It’s interesting to me that both semifinal games feature matchups with a point spread in the double-digits.
I’m not making any commentary on the matter of playoffs or anything, but it is funny that the old BCS would have likely been the best method for this year, with two clear-cut top teams.
Perhaps the lack of discussion is because Alabama still has to get through the Sooners and then there’s a week-plus buildup to the title game. There’s also no denying that Crimson Tide fatigue has reached a new level.
It’s evident with things like quarterback Tua Tagovailoa not winning the Heisman Trophy, the Football Writers Association of America snubbing Biletnikoff Awardwinner Jerry Jerry for its All-American teams, and Saban being overlooked for every coach of the year honor.
All he did was lead the Crimson Tide to an undefeated regular season and conference championship after having six assistant coaches hired away, including both the offensive and defensive coordinators. Alabama also lost 22 players to the last two NFL drafts and the new lineup has had to deal with the pressures that go with being the reigning champions.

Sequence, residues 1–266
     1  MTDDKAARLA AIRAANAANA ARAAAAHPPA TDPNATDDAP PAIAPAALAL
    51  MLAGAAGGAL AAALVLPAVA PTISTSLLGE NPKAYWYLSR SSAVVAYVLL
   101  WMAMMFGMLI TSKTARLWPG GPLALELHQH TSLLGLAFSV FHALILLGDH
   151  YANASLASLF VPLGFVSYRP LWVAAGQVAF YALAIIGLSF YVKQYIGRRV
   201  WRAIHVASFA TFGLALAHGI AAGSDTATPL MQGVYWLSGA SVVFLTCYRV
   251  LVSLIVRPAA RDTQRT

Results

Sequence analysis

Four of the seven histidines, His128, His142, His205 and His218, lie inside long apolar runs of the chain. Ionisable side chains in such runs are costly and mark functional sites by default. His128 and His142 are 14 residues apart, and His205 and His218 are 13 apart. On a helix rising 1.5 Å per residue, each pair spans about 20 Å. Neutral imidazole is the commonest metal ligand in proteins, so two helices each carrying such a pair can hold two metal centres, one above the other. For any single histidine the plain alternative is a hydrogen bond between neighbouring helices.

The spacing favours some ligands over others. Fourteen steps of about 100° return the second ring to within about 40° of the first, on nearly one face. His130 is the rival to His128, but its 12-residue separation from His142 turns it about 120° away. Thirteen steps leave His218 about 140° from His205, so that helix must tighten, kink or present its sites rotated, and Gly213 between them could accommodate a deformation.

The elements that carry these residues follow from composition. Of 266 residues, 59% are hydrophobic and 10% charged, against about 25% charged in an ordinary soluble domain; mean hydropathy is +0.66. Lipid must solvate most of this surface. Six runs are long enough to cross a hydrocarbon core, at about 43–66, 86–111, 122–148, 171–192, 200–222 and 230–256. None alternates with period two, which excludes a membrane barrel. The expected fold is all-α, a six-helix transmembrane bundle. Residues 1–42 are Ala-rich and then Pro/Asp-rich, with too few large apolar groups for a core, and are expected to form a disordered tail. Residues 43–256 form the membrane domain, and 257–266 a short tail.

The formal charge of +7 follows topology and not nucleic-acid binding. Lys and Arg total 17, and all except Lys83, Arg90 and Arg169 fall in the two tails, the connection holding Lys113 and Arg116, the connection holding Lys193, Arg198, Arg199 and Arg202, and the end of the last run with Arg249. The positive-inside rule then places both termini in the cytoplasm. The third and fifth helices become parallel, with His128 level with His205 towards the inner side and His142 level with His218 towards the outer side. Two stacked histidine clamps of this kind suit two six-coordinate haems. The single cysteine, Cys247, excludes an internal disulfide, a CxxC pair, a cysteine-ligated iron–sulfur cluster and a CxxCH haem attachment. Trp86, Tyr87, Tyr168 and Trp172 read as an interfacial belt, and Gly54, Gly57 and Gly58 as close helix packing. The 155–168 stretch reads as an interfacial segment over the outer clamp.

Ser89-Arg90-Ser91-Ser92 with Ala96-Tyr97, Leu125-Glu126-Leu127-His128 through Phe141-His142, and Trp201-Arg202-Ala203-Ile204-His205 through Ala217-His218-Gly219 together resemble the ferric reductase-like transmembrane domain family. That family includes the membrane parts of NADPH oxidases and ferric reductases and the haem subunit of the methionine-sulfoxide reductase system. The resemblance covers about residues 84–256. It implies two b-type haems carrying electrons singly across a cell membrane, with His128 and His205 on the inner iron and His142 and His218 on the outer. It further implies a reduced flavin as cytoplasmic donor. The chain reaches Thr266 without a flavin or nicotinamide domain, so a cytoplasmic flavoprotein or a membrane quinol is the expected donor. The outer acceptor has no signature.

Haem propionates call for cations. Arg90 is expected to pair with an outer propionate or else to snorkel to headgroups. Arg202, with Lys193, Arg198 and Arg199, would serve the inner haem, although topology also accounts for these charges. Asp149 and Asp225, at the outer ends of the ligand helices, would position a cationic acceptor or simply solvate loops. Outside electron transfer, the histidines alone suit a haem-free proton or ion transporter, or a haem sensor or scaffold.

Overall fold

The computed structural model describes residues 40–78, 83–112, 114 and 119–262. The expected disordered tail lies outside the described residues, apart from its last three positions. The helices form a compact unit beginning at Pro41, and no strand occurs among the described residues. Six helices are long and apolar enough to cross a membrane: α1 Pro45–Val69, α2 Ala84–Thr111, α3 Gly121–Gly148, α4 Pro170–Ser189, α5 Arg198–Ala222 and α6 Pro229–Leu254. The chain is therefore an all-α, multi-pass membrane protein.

Yet here we are.
At times under Saban the Crimson Tide’s been the equivalent of watching someone play a video game at a lower level of difficulty. Or Alabama’s viewed as being like the big boss at the end of a stage, the ultimate foe that has to be vanquished despite appearing to be invincible.
If anything, Saban doesn’t get anywhere the credit he deserves.
If I were to feature one piece in today’s JP, it’s this one. Christopher Walsh at College Sports Maven breaks down just how dominant Nick Saban has been in a list of unique and downright ridiculous stats.